When Grandpa Was A Boy, Were There Any Dinosaurs?

Tag archive: Cancer

No Exceptions

American writer William Saroyan

1981: Despite doubting the veracity of “last sayings”, which he regarded as mostly “inventions of the survivors, members of the family, exploiters of truth and falsity”, the American author William Saroyan offered his own contribution shortly before prostate cancer killed him: “Everybody has got to die, but I have always believed an exception would be made in my case.”

Source: Lawrence Lee and Barry Gifford, Saroyan: A Biography (1984), p. 307

Nothingness

Grave of Ozu Yasujirō, in Kamakura, Japan, photographed by Tarourashima

1963: Ozu Yasujirō, the Japanese film-maker who directed Tokyo Story, died of cancer on the evening of his 60th birthday. His ashes were buried in the grounds of Engaku temple in Kamakura, beneath a tombstone that bears no name, no dates, no lengthy inscription, just a single character:

which means “nothingness”.

Source: Donald Richie, Ozu (1974), p. 252

Out Of Limbo

1987: The antiretroviral drug AZT, developed in the 1960s to combat cancer, proved too toxic for its intended use. After years in pharmaceutical limbo, the drug returned to favour in the 1980s when it was found it could treat HIV and AIDS – appropriate, given that it was first isolated from herring sperm.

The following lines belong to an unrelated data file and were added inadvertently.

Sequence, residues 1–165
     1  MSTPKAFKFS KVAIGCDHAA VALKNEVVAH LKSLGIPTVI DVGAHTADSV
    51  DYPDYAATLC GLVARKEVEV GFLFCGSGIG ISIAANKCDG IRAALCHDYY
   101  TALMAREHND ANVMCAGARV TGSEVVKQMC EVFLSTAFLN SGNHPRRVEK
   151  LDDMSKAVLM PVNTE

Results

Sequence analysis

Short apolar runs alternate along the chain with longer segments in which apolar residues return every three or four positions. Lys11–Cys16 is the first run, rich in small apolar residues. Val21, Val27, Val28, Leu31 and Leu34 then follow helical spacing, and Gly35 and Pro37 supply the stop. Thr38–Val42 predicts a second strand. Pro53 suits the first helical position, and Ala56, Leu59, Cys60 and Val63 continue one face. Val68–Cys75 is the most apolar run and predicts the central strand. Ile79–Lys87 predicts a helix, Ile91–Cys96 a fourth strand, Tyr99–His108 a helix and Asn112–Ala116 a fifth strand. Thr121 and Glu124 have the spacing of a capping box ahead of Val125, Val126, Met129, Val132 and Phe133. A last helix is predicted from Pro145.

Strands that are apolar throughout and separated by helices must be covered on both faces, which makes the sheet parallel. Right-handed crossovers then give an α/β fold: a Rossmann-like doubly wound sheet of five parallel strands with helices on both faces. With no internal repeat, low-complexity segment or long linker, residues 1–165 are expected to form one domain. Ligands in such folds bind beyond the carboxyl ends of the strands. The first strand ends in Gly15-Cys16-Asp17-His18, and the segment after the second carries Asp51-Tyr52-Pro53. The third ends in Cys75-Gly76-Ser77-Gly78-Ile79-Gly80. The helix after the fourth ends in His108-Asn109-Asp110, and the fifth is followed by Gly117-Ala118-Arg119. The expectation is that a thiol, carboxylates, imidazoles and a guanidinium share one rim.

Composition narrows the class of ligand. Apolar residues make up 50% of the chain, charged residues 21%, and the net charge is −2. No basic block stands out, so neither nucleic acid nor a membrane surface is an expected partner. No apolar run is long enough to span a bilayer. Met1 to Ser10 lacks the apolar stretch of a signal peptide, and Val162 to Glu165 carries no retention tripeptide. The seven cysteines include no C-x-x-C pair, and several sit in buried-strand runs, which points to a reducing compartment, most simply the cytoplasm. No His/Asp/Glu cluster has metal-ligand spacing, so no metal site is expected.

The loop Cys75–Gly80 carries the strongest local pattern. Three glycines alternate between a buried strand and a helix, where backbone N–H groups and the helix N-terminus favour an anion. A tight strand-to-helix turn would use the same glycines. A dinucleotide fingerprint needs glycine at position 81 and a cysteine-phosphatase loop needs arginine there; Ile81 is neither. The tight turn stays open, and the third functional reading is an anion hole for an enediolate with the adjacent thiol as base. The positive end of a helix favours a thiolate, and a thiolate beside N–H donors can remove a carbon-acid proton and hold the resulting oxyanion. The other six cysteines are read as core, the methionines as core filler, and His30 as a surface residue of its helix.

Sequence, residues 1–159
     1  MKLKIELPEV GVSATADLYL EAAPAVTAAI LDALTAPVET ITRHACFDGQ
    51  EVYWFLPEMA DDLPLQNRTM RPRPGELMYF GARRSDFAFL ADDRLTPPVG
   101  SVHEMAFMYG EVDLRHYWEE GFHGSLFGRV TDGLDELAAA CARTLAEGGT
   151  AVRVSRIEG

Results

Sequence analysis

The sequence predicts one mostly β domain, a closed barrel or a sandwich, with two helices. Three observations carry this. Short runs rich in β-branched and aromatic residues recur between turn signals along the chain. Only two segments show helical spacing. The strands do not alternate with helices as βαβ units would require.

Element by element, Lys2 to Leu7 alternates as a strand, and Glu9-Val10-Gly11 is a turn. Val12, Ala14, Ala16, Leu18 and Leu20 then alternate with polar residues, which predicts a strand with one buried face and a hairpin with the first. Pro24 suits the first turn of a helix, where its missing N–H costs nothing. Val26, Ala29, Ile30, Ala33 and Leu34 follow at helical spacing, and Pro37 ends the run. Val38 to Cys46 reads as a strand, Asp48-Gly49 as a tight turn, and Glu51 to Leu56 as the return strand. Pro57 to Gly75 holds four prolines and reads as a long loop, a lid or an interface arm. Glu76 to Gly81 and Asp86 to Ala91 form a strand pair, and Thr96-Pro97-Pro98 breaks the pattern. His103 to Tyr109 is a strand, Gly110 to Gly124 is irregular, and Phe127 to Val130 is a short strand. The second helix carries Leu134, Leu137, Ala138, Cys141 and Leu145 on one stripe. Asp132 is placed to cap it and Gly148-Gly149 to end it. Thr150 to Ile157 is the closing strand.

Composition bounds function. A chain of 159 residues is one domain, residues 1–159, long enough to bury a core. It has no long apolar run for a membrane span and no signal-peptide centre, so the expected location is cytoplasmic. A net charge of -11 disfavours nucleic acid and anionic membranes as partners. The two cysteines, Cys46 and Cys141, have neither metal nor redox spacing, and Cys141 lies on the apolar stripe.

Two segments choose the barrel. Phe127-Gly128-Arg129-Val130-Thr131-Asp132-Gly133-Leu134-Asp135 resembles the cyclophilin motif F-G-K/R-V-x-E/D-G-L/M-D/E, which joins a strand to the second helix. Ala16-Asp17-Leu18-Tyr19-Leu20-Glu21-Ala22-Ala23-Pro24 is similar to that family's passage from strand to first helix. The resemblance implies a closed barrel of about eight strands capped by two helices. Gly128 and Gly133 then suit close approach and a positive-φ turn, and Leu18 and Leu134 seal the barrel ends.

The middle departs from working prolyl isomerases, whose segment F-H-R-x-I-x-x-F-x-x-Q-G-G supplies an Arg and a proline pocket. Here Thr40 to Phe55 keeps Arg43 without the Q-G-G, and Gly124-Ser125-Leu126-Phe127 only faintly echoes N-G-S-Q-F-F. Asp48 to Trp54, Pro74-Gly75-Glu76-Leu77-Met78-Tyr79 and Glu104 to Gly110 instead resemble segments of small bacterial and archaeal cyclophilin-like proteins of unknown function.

Source: Barry D. Schoub, AIDS & HIV in Perspective: A Guide to Understanding the Virus and Its Consequences (1999), pp. 177–9

Controlled Exit

1935: Instead of allowing incurable breast cancer run its deadly course, the American writer and social reformer Charlotte Perkins Gilman inhaled chloroform to bring her life to a close.

“When all usefulness is over, when one is assured of unavoidable and imminent death, it is the simplest of human rights to choose a quick and easy death in place of a slow and horrible one,” she wrote in her suicide note. “I have preferred chloroform to cancer.”

Source: Charlotte Perkins Gilman, The Living of Charlotte Perkins Gilman: An Autobiography (1935), pp. 333, 334